September 1, 2011

Orlando pedestrian
A pedestrian crossing Semoran Blvd in Orlando, Florida
(Photo courtesy of New York Times)


  • Massport OK's City's and Neighborhood's Vision for Connector (East Boston Times, Boston Globe)
    By  John Lynds -- It’s a piece of land that was taken in the 1960s as part of Logan Airport’s expansion but now it will be given back. The Massachusetts Port Authority (Massport) Board voted last Thursday to approve the community and city’s request to use a small stretch of Massport owned property that use to be part of the famed Wood Island Park in order to connect the Bremen Street Park with a greenway path that will extend to Constitution Beach. The Massport Board’s voted is historic and significant as it marks the first time land taken in 1960s by eminent domain has been given back to East Boston.
  • Could Hubway be too popular? (Boston Metro)
    By Michael Naughton -- The city’s bicycle sharing program has taken off in its first few weeks and has exceeded some expectations. However that popularity has left some users without a ride. Metro observed three Hubway stations void of bicycles for hours during various days in the past week. From about 9 a.m. until about noon Wednesday, for example, the North Station, Faneuil Hall, Hanover Street and Staniford Street locations had a total of one bike between them.
  • Somerville to press state on Green Line delay (Boston Globe, Somerville News, Somerville Patch)
    By Danielle Dreilinger -- Somerville Mayor Joe Curtatone has been meeting with the Conservation Law Foundation to explore legal options against the state regarding the delay of the Green Line extension, city spokeswoman Jaclyn Rossetti confirmed. The state has announced its intention to push back the opening of the extension from 2014 to the end of the decade. "We're not taking it laying down," Rossetti said. "We're going to continue to hold their feet to the fire."
  • Judge Rejects Groups' Efforts to Remove Bike Lane (New York Times)
    By Michael M. Grynbaum -- A judge on Tuesday dismissed an effort by Brooklyn residents to remove a hotly contested bicycle lane installed by the city on Prospect Park West, in one of the most closely watched controversies over a signature policy of the Bloomberg administration. The decision represented a significant victory for the city and its transportation commissioner, Janette Sadik-Khan, whose campaign to create streets more oriented to pedestrians and bicyclists has divided New Yorkers and prompted a fierce political debate.
  • The end of the road for motormania? (NewScientist)
    Something unexpected is happening to our car-crazy culture. What are the forces driving us out of motoring?
    By Fred Pearce -- IS THE west falling out of love with the car? For environmentalists it seems an impossible dream, but it is happening. While baby boomers and those with young families may stick with four wheels, a combination of our ageing societies and a new zeitgeist among the young seems to be breaking our 20th-century car addiction. Somewhere along the road, we reached "peak car" and are now cruising down the other side.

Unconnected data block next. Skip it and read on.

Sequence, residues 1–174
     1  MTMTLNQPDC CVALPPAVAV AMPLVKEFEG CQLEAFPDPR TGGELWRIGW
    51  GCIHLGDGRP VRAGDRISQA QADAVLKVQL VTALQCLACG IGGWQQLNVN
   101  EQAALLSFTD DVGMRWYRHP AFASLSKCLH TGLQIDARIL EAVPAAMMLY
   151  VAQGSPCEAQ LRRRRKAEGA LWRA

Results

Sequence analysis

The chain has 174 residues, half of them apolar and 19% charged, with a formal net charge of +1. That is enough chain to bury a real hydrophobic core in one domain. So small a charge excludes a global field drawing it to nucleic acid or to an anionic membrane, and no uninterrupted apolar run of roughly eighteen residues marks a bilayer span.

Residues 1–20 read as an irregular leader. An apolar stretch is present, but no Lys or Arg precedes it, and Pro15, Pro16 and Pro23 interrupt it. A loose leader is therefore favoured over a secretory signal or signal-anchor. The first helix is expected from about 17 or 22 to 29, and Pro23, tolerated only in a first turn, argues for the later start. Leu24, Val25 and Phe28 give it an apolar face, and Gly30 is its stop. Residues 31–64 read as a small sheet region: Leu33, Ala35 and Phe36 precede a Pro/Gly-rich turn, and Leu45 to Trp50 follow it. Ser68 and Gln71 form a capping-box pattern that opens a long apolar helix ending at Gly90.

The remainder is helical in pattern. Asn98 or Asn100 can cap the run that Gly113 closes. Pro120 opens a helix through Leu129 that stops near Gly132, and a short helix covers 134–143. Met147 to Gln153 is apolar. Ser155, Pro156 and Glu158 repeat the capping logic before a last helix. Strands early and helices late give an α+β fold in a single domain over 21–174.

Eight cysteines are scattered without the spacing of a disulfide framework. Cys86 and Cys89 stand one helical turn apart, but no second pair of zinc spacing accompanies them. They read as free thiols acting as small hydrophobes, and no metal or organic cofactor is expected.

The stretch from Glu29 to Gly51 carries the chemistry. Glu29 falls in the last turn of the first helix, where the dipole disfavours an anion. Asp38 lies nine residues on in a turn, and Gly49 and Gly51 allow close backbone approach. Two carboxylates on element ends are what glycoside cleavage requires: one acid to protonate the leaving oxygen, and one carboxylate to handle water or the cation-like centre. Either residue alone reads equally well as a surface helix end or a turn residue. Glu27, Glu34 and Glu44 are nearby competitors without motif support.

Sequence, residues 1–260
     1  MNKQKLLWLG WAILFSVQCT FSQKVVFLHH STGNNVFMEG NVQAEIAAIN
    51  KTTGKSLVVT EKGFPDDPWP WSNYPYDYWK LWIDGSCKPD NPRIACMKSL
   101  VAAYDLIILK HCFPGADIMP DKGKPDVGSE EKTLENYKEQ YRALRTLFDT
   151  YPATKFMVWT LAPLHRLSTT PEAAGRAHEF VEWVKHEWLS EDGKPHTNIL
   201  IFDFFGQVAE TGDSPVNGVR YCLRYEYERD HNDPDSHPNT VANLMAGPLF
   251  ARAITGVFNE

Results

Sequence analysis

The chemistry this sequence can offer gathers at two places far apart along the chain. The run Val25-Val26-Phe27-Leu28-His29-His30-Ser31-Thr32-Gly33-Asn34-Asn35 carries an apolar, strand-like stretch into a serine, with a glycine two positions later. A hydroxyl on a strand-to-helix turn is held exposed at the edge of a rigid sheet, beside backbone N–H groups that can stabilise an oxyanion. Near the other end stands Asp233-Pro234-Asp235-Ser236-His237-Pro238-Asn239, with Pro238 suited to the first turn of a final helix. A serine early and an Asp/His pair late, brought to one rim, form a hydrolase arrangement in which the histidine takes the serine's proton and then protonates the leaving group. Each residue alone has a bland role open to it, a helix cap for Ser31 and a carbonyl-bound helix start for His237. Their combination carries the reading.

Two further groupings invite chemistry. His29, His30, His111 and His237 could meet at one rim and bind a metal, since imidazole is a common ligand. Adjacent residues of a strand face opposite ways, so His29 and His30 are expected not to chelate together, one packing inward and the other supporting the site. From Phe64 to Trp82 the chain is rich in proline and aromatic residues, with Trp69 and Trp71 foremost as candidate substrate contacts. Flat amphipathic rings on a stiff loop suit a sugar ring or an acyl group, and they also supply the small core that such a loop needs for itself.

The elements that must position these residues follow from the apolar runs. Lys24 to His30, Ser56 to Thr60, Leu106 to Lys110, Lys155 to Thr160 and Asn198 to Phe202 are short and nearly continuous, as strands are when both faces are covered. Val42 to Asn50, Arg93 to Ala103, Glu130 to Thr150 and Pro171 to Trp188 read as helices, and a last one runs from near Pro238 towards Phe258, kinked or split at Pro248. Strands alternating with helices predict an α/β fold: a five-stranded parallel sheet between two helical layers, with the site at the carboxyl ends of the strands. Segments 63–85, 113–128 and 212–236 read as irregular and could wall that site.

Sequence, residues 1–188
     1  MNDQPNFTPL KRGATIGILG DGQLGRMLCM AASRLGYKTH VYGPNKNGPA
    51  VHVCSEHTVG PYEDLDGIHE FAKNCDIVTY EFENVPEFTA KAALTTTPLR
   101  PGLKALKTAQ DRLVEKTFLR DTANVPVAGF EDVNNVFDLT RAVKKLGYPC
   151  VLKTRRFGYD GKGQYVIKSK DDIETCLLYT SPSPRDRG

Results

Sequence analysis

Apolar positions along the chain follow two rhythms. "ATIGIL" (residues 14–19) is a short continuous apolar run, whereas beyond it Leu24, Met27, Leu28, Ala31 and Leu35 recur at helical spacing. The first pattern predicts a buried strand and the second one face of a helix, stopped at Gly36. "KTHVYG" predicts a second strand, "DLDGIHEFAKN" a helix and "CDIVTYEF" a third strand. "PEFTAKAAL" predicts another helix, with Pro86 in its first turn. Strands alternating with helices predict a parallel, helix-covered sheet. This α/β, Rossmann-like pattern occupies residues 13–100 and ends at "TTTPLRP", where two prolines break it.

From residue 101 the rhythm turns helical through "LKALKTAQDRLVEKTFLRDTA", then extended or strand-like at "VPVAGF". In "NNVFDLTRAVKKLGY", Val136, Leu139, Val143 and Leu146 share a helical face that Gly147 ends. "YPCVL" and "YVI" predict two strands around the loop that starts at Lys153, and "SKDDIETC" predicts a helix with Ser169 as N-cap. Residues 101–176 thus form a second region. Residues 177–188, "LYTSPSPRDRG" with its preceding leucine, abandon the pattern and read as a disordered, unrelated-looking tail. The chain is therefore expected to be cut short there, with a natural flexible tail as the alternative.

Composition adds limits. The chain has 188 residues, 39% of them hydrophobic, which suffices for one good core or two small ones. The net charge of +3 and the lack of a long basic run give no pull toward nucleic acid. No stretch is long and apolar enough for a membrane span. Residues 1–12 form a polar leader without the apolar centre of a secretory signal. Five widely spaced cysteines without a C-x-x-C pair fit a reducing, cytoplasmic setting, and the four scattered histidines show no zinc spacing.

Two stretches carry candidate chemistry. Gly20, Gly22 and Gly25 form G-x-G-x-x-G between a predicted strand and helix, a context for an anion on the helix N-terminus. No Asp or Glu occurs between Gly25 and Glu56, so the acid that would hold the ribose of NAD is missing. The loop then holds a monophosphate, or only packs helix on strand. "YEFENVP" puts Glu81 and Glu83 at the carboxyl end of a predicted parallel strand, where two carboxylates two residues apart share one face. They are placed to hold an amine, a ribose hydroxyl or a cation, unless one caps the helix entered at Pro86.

• But we have driveways (A view from the cycle path)
    One of the many excuses used by people who oppose protected cycling infrastructure is the 'but we have driveways' excuse. There are people who believe that cycling infrastructure, especially a separate protected cycle path, does not go together well with driveways. But of course the two can be combined: as long as the design of both the cycle path and the driveways are well done and follow strict rules.






Transportation financing/Government


Development projects

Land Use/Planning

  • New report calls on Brookline to protect open space (Brookline TAB)


  • New York City --
  • How those red public bicycles are changing D.C. (Washington Post)
  • D.C. bike-sharing program crippled by own success (Washington Times)
  • On Wide Roads, Running for Dear Life (New York Times)
  • City study: Chicago pedestrians in crosswalks are in cross hairs (Chicago Tribune)
  • Crowds continue lining up for a ride on light rail (Virginian-Pilot)
  • Big Win for Pedestrian Safety: San Francisco Lowers School Zone Speed Limits (ABW)
  • City vision for downtown: better parks, urban rail, cheaper housing (Austin Statesman)
  • Planners eye downtown Indianapolis streetcar route (Business Week)
  • SFTMA Tries New Bike Lane Treatments to Keep Cyclists Clear of Door Zone (Streetsblog SF)

National trends

International news

  • 19th century cyclists paved the way for modern motorists' roads (Guardian)
  • What makes Cambridge a model cycling city? (Guardian)
  • But we have driveways (A view from the cycle path)
  • Copenhagen: A city of SUV cyclists (CNET)
  • Traffic Fines to Fund Biking Programs in Brazil (The City Fix)
  • Cycling worth 3bn a year to UK economy, says LSE study (Guardian)
  • Experiments with flexible parking in Copenhagen (Cycling Embassy of Denmark)
  • Despite Toronto, Montreal gridlock, commuters reluctant to use transit (Globe and Mail)
  • China invests $199 billion for urban rail through 2015: report (Chicago Tribune)
  • Sold-Out Beijing Trains Show Riders Unfazed (Bloomberg)
  • UK Man Mounts Traffic War Using Pedestrian Crosswalk Button (And Wins. Sort Of.) (TreeHugger)
  • Lose Your License and You're Screwed (Copenhagenize)
  • Melbourne edges out Vancouver to top liveable city list (BBC)